Heath Hembree, DJ Johnson and Bryan Shaw have all been brought in for spring training on minor league invites. Starting with the most familiar, all Indians fans older than five should be extremely familiar with Shaw as he’s second in Indians history in relief games pitched (behind Cody Allen). He had a very rough time in Colorado following his departure from Cleveland and things didn’t get better in 2020 after he joined Seattle. The hope for Shaw is that his poor results in recent seasons were due to overuse and the fact that he only pitched six innings last year could bring him back to the way things were during his first run with Cleveland.
Hembree was a regular, reliable reliever for the Red Sox from 2014 through 2019, but struggled with Boston in 2020 and was traded to Philadelphia where he was even worse. Now 32 years old, the right hander has signed with Cleveland and has an uphill climb to prove he isn’t the home run machine (4.3 HR/9 in 2020) that he was in 2020.
Johnson is also coming off two poor years in Colorado’s bullpen in 2018 and 2019, but spent the 2020 season in Japan where he had a 3.35 ERA across 40.1 innings. Now back in the US, he’ll be 31 coming into the 2021 season and will have to impress early if he wants to make it back into the big leagues with Cleveland.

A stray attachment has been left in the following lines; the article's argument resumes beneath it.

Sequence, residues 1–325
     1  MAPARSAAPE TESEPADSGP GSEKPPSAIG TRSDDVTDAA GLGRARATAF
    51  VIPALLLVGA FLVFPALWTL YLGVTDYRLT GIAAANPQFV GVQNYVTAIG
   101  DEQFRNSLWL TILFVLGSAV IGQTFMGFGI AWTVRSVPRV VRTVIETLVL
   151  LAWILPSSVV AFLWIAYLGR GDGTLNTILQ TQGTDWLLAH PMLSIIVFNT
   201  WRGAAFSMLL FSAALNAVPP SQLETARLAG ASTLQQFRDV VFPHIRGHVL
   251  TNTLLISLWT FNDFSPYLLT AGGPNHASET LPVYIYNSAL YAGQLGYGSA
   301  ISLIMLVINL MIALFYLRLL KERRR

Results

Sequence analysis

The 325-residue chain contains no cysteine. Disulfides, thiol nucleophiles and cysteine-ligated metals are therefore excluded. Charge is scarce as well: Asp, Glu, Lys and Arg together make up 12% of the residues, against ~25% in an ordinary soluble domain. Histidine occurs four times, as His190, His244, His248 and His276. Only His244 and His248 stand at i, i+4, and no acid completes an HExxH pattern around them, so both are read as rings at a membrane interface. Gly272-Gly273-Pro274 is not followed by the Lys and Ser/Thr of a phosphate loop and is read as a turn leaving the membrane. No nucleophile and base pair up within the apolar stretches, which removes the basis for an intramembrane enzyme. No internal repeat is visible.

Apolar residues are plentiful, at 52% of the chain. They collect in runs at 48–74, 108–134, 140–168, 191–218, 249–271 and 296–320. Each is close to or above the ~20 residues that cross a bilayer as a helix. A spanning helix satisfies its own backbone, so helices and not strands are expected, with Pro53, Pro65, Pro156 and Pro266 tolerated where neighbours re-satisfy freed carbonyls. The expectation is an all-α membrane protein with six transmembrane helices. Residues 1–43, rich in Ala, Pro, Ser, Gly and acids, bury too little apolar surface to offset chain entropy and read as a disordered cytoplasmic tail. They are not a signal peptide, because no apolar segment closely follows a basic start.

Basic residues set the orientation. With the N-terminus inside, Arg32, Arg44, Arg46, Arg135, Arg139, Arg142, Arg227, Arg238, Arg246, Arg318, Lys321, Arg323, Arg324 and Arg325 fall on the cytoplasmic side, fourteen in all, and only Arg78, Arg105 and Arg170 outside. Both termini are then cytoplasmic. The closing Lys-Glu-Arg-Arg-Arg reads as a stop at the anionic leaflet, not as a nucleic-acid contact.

The minor league veterans without much major league experience
Anthony Gose is a veteran outfielder (now 30 years old), but hasn’t logged a major league inning as a pitcher yet. The lefty had mixed results in 2019 with Lynchburg and Akron, with walk rates over 20%. He did have a solid off-season with Manati in the Puerto Rican Winter League that year and La Romana in the Dominican Winter League in 2020. This is the second time that Gose has been signed on a minor league deal by Cleveland, so it’s obvious that they’re interesting in his electric arm and there’s no better time for the experiment than now.